Hart Crane's reputation rests primarily on his extraordinary craftsmanship and sweeping vision. In The Bridge, Crane set out to write an American epic that unified past and present, East and West, myth and reality. Crane's poetic vision, based on views that alcoholic and sexual excesses were a way to achieve a perception of unity of all things, led to self-destructive behavior, and his short, turbulent life ended in suicide.
Read some of Crane's poetry, including "To Brookyln Bridge" and "Chaplinesque," a concise Crane biography, and a short explanation of modernism.
Can the simple act of bandaging another person's injured hand create a powerful bond? Crane's "Episode of Hands," which deals with just such a situation, is summarized and annotated at this NYU site.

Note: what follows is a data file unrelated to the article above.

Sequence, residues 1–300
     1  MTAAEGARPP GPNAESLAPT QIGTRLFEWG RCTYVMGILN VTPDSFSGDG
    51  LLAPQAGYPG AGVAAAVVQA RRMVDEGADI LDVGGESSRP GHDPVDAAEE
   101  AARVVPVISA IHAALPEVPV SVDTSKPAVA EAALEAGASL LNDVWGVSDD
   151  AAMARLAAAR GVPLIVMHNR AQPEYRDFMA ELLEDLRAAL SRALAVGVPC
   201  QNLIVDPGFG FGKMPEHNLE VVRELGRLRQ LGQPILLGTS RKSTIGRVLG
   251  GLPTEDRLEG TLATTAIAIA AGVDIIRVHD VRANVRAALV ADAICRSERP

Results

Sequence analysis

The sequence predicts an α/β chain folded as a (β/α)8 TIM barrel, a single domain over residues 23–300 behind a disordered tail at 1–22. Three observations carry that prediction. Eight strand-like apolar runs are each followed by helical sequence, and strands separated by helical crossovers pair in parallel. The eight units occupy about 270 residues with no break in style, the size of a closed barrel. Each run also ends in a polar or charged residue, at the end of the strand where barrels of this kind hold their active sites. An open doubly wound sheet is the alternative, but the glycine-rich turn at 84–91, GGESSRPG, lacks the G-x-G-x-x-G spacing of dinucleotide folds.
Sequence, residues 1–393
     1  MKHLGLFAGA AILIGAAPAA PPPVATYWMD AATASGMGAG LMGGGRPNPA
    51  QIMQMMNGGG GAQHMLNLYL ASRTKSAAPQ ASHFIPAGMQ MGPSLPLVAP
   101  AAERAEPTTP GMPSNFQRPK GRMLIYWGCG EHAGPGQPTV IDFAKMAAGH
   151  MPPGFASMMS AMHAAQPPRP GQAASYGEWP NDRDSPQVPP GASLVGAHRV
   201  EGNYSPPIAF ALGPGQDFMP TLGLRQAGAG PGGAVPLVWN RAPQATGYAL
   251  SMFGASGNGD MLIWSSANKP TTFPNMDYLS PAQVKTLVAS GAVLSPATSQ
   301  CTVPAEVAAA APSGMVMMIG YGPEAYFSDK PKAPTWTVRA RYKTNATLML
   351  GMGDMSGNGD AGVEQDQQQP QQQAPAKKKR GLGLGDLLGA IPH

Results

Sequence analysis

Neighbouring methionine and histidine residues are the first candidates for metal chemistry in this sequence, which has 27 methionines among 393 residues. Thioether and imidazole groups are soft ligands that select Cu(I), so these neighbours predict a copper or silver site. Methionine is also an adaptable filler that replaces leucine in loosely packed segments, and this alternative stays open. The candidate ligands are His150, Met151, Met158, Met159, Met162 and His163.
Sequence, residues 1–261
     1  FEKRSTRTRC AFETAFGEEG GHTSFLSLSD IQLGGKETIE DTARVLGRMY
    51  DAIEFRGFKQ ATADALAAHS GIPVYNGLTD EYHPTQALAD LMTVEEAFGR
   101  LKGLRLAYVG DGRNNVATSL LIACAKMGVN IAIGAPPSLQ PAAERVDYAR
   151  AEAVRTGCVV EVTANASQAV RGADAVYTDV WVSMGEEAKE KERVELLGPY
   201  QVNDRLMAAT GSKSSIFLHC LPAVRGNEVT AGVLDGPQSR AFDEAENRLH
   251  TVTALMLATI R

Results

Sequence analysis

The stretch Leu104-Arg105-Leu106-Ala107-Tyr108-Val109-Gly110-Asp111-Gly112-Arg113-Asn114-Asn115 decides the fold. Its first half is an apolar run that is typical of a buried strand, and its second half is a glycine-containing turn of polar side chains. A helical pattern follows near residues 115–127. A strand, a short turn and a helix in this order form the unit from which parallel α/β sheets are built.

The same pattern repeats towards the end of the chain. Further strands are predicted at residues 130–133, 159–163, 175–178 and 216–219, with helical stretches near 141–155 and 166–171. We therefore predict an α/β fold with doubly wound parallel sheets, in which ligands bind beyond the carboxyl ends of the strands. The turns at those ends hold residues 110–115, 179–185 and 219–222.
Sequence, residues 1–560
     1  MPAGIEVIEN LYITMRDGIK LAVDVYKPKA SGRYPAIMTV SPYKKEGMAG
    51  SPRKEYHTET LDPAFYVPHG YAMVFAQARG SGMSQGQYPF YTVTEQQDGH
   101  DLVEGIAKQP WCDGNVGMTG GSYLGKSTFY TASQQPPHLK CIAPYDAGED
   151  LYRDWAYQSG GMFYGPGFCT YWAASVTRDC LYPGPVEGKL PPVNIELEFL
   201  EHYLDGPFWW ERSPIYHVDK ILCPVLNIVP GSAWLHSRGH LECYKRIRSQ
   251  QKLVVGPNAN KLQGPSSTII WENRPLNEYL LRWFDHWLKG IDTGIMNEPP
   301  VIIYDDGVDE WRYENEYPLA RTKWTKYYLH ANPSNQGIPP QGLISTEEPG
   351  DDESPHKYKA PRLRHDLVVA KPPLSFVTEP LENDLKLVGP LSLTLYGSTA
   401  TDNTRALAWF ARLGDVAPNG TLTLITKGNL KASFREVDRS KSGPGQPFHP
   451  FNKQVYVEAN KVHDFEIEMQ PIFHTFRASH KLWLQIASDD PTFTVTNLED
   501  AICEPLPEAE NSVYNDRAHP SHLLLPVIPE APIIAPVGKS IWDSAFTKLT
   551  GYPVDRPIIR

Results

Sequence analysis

"I got so I simply gagged everytime I sat before my desk to write an ad," Crane says in a letter to a friend, announcing his resignation from his advertising job. You'll find many similarly interesting quotes in Kent State University Libraries & Media Services's inventory of Crane's papers, a rich and fascinating source of information about the poet.
Crane said that The Bridge concerned "a mystical symbolism of 'America.'" Michael Eiichi Hishikawa, associate professor of English at Kobe University, presents helpful notes and interlinear readings of the poem, along with biographical and bibliographical information on Crane.
Along with a cataloging of the Library's Hart Crane Collection, this site contains concise biographical information about Crane. The collection consists of the bequests of four Crane scholars, including ads written by Crane, and miscellaneous Crane correspondence.